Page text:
Hi, everyone. Labor Day is just around the corner, and it marks the official transition from summer to fall for many of us. Although screenplay writers are never really far away from their work, it can sometimes be helpful to back off a bit on a holiday weekend like this one from all that obsessive scripting, and decompress during these last few dog days of summer. Soon enough we’ll be reminding ourselves that it is time to get back to the serious business of writing a screenplay. But a break with family and friends and some barbecue can be oh so good for the soul.
In addition to reading the best screenwriting books, perhaps you’ll spend some of your time in the air-conditioned confines of movie theaters, watching some of the blockbuster films this summer had to offer. Studying released films (both the good ones and the not so good) is a great way to hone your screenwriting craft. As you sit in the theater, or watch at home, think about the strong craft these screenwriters have used to create those scripts and make the characters in each tale come to life.
After having fun studying Labor Day releases and those already-running summer movies, might I ask that you also spend some time with my book, The Story Solution, to help you analyze what you’ve seen? Recognized as one of the best books on screenwriting in the U.S., China and many other countries, it provides solid screenwriting tips to get you back in the writing groove. Visit our website at http://www.thestorysolution.com to learn about writing a movie script or “like” the Facebook page to receive tips on scriptwriting.
So with the upcoming holiday in mind, I’ve taken a closer look at one movie titled, of all things, Labor Day.
WHAT SCREENWRITERS CAN LEARN FROM LABOR DAY THE MOVIE
Although it had a very limited release at the end of 2013, the movie Labor Day didn’t see a full release in the United States until January, 2014. Director Jason Reitman also served as screenplay writer for this film, basing the script on a novel by Joyce Maynard. It tells the story of a lonely, troubled woman and her son who end up being forced to spend a New Hampshire Labor Day weekend in 1987 with an engaging escaped convict. Kate Winslet and Josh Brolin play the stressed couple, with Gattlin Griffith serving in the role of the thirteen year old son Henry and Tobey Maguire playing Henry as an adult. Other notable cast members include James Van Der Beek and J.K. Simmons.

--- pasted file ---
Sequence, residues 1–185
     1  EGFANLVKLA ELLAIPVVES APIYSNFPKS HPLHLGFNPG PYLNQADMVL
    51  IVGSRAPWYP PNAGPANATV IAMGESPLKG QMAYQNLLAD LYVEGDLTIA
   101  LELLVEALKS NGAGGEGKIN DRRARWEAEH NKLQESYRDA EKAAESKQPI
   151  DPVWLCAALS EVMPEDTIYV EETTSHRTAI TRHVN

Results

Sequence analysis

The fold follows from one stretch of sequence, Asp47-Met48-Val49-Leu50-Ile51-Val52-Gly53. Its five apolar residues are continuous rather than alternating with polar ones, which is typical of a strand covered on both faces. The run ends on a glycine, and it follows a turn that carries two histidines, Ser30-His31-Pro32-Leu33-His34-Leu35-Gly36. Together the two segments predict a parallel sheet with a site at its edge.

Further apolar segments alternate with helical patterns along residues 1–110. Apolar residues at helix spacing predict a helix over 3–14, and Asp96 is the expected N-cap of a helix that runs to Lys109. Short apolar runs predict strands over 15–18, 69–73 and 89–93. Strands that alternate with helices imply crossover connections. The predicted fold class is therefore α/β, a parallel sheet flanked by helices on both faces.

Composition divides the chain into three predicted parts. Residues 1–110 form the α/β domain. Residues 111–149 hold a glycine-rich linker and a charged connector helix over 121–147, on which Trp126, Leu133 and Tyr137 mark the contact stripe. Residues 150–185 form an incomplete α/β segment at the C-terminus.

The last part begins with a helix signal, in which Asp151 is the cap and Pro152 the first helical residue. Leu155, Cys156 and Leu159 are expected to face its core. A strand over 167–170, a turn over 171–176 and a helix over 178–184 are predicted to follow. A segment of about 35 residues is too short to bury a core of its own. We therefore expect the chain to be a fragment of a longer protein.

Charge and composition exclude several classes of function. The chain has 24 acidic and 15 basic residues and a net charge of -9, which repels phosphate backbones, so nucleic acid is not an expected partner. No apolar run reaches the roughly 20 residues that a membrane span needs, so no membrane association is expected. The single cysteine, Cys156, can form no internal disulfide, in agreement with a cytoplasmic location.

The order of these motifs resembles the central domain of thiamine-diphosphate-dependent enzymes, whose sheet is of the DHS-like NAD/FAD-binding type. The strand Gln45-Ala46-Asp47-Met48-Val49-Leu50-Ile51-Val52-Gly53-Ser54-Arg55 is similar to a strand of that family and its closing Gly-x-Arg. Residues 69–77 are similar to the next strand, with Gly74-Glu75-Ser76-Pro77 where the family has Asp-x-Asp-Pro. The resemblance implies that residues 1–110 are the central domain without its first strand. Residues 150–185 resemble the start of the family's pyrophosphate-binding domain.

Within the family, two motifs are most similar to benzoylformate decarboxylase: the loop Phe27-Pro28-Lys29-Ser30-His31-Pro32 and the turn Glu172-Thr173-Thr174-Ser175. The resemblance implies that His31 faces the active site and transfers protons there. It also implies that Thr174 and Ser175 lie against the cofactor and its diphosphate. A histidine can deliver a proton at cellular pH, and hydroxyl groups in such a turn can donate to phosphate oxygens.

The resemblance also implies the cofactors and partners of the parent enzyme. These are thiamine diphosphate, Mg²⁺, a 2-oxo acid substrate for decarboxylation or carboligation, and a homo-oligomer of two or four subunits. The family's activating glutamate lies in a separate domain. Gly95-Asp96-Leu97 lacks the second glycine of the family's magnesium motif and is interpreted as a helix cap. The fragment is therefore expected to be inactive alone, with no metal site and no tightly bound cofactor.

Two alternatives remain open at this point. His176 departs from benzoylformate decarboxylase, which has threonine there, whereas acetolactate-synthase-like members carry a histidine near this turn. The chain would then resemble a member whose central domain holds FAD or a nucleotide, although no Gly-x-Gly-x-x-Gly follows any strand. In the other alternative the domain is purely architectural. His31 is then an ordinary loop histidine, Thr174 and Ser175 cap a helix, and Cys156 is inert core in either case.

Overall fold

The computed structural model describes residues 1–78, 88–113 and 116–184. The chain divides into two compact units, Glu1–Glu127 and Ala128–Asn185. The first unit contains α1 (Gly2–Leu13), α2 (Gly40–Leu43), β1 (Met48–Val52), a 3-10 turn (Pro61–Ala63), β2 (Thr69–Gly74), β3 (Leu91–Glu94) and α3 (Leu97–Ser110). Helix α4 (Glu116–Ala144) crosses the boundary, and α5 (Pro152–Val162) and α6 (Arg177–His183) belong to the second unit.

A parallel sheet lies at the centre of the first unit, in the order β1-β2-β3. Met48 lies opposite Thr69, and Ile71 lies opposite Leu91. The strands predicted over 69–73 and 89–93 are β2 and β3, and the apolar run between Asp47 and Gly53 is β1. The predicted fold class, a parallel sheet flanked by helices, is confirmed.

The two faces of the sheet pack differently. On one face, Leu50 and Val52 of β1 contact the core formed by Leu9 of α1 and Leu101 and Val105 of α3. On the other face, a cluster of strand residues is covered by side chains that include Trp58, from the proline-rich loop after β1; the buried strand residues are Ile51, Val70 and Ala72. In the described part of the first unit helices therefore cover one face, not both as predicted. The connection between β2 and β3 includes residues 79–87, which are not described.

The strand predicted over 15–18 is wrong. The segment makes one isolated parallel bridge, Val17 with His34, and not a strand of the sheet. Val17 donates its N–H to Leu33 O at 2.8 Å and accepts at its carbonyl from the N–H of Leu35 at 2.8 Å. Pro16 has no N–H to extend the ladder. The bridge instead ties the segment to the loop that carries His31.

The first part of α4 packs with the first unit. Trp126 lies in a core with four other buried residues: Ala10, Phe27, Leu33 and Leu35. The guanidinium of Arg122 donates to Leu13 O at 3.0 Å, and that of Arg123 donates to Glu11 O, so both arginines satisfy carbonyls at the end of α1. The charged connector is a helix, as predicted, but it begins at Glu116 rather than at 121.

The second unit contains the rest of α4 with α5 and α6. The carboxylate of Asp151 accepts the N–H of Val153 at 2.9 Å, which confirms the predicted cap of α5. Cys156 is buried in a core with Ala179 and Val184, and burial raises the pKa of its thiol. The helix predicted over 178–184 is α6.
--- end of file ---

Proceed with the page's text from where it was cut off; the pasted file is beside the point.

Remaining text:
As a PG-13 movie, the film does a great job of conveying growing passionate emotion without resorting to the usual sex scenes. This is a film where a believable romantic love grows between two people in a period of just 4 days. And it’s a completely character-driven script. The two lead roles have been created in such a way they can demonstrate a burning, growing love for each other grounded in human truth. What new screenwriters can take away from reading this script or watching the film is that one way to create an emotionally riveting story is to put together a sympathetic woman and man on opposite sides of an extreme or impossible situation, and have them fall passionately in love. Try building your own story around that general premise. Be true to your characters, and you may be surprised at the power of the story you create.
My book, The Story Solution: 23 Actions All Great Heroes Must Take, can equip any screenplay writer with the tools needed to bring depth and passion to their own screenplays. It offers a new, easy-to-understand paradigm that provides writers and filmmakers with the interconnecting, storytelling elements they need to create a riveting script.
Labor Day Facts
Many movies have been written about the trials and struggles of working men and women. Some notable films which explore the plight of these everyday heroes include Norma Rae, Silkwood, On the Waterfront, F.I.S.T., and Roger & Me. Heroes come in many shapes and sizes, and people who work hard every day to provide a better life for their families offer grist for a limitless source of gripping stories. A few of Labor Day facts:
- Peter J. McGuire is considered to be the Father of the Labor Day holiday. He was an Irish-American pioneer unionist who in 1872 took to the streets with 100,000 workers in one of the largest worker strikes the nation had ever seen. In May 1882 he is credited with saying, “Let us have a festive day during which a parade through the streets of the city would permit public tribute to American Industry.”
- Labor Day was first officially observed as a holiday in Canada in 1872, but it rapidly gained favor in the United States. The first Labor Day parade was held in New York City in 1882.
- In 1894 President Grover Cleveland finally signed a bill formally establishing a nationally celebrated holiday to acknowledge the millions of hard-working people who are the backbone of industry in the United States.
- Another quote from Peter J. McGuire: “We must… advance wages, reduce the hours of labor, spread correct economic doctrines and cultivate a spirit of fraternity among the working people regardless of creed, color, nationality or politics.”
Happy Labor Day to Everyone!
About The Story Solution: Eric Edson’s The Story Solution provides screenwriting tips for those interested in screenplay writing. Seen as one of the best books on screenwriting, Edson outlines 23 actions used to create three dimensional heroes. Visit the website at http://www.thestorysolution.com/ to learn about writing a movie script. “Like” the Facebook page to receive tips on scriptwriting. Call (818) 677-7808 for information about writing a movie script.